MICHAEL Wills, minister for learning and technology, tells us of the millions of pounds he is spending on technology in education but can give no convincing examples of its efficacy.
One class of Year 6 received a video-conferencing art lesson from a distant professor. The experience must have been that of watching a somewhat disjointed and badly-produced TV programme.
This seems rather sad when compared to an art lesson where the child has the satisfaction of having produced a beautiful picture under the gudance of a friendly, familiar teacher.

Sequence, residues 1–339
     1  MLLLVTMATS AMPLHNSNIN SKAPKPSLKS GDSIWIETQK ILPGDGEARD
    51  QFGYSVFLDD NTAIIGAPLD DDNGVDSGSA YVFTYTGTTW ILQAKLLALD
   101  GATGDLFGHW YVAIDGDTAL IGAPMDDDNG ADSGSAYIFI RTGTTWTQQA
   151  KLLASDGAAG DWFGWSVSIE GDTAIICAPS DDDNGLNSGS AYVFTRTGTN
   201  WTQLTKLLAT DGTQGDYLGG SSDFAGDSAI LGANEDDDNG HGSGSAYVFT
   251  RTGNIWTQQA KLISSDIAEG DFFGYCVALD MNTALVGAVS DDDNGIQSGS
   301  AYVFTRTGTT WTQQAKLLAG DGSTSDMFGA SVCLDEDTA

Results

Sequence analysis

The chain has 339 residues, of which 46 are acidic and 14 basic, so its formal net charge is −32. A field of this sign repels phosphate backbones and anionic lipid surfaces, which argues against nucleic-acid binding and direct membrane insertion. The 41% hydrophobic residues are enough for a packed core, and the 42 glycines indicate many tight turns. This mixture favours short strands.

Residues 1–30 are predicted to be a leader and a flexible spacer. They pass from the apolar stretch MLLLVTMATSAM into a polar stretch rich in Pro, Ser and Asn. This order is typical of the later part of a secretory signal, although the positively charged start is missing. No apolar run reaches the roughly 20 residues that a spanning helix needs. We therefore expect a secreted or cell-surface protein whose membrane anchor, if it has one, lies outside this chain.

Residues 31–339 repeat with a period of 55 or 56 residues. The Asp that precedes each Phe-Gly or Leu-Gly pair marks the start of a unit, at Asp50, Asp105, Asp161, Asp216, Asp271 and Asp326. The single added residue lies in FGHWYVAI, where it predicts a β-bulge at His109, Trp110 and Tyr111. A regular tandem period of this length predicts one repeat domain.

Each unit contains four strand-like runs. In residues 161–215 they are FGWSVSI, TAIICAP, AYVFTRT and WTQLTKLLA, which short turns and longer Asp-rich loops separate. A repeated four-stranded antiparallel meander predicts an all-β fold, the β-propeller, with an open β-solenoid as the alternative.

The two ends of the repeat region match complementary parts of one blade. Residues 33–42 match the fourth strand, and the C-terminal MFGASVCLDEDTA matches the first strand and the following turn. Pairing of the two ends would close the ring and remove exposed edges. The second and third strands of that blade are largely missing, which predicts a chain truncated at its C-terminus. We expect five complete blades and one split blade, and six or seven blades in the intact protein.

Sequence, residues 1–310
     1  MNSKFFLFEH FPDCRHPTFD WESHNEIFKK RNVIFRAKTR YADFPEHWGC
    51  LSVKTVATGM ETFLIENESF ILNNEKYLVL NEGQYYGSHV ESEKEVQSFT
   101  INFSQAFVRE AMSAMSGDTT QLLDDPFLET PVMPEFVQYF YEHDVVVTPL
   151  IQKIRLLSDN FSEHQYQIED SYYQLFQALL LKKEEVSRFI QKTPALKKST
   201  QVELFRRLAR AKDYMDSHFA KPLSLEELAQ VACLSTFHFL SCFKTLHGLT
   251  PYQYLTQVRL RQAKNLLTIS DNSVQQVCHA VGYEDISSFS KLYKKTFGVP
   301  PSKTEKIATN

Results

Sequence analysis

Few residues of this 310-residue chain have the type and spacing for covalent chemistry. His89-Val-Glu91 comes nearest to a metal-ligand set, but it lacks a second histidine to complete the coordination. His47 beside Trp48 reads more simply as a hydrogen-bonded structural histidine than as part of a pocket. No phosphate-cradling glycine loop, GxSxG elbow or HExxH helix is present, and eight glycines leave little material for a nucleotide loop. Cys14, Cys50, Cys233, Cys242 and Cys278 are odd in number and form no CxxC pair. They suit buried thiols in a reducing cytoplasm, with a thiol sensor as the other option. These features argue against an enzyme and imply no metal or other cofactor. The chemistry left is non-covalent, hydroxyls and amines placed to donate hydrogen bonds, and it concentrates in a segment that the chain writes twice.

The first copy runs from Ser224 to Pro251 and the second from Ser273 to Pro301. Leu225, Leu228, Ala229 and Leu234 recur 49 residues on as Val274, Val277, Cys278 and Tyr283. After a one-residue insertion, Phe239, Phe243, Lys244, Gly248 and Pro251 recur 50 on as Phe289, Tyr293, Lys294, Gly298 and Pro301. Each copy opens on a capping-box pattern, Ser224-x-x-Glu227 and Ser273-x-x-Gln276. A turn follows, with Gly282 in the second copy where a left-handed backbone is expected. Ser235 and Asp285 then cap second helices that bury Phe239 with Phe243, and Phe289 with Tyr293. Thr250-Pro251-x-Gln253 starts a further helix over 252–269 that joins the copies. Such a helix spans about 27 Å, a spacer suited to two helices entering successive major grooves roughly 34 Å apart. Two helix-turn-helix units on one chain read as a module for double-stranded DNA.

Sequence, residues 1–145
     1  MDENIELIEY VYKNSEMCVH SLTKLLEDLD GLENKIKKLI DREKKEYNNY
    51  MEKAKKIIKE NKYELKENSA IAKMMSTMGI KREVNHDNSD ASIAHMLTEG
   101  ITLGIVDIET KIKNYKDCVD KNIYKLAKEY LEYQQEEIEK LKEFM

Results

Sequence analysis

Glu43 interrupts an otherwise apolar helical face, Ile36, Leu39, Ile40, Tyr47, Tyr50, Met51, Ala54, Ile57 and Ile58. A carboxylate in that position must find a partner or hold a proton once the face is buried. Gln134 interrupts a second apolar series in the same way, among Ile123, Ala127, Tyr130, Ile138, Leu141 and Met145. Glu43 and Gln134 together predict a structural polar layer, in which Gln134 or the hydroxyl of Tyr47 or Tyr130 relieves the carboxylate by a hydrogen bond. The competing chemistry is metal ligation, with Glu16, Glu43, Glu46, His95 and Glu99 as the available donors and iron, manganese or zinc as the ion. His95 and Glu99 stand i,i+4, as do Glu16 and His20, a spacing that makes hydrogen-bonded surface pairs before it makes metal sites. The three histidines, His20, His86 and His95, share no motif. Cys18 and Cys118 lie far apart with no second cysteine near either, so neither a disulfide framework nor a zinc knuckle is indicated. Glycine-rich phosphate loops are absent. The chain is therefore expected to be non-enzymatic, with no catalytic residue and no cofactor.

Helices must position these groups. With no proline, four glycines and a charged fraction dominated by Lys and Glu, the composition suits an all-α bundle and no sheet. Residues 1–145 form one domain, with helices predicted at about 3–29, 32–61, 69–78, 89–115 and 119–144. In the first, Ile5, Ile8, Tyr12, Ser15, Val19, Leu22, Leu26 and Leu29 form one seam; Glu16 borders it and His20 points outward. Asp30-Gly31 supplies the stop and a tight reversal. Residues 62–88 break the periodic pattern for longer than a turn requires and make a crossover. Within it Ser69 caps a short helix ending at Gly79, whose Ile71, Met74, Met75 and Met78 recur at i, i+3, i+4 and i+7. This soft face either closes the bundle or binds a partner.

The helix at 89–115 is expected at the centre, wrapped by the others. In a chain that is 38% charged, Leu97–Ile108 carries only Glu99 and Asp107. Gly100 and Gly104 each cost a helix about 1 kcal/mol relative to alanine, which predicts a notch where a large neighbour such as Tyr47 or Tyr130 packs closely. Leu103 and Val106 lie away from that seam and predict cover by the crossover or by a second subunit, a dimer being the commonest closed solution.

Children need to relate to people not machines. They need to learn from the world, not the world reduced to a two-dimension image on a screen.
Before the Government commits millions of taxpayers' money for providing primary schools with technology, it should be able to provide hard evidence of its benefits. I for one do not believe such benefits exist.
Mrs K Evans
Ringwood Waldorf school
16 Namu Road